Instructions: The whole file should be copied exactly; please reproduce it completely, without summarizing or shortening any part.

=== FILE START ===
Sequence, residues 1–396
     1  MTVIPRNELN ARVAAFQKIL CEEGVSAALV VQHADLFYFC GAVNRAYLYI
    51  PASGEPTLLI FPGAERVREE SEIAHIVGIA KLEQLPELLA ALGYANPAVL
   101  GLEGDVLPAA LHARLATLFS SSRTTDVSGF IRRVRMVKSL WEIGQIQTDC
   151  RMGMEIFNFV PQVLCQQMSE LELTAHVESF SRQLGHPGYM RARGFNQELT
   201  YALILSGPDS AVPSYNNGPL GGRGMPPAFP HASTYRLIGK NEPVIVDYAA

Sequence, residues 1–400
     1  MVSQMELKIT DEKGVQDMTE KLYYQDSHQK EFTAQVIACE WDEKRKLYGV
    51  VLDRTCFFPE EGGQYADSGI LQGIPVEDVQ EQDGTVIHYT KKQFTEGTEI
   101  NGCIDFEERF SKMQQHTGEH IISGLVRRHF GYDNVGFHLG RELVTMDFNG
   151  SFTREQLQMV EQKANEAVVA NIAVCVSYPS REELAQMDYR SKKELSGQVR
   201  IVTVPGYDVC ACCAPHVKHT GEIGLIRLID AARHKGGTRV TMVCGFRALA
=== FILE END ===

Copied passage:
Sequence, residues 1–396
     1  MTVIPRNELN ARVAAFQKIL CEEGVSAALV VQHADLFYFC GAVNRAYLYI
    51  PASGEPTLLI FPGAERVREE SEIAHIVGIA KLEQLPELLA ALGYANPAVL
   101  GLEGDVLPAA LHARLATLFS SSRTTDVSGF IRRVRMVKSL WEIGQIQTDC
   151  RMGMEIFNFV PQVLCQQMSE LELTAHVESF SRQLGHPGYM RARGFNQELT
   201  YALILSGPDS AVPSYNNGPL GGRGMPPAFP HASTYRLIGK NEPVIVDYAA

Sequence, residues 1–400
     1  MVSQMELKIT DEKGVQDMTE KLYYQDSHQK EFTAQVIACE WDEKRKLYGV
    51  VLDRTCFFPE EGGQYADSGI LQGIPVEDVQ EQDGTVIHYT KKQFTEGTEI
   101  NGCIDFEERF SKMQQHTGEH IISGLVRRHF GYDNVGFHLG RELVTMDFNG
   151  SFTREQLQMV EQKANEAVVA NIAVCVSYPS REELAQMDYR SKKELSGQVR
   201  IVTVPGYDVC ACCAPHVKHT GEIGLIRLID AARHKGGTRV TMVCGFRALA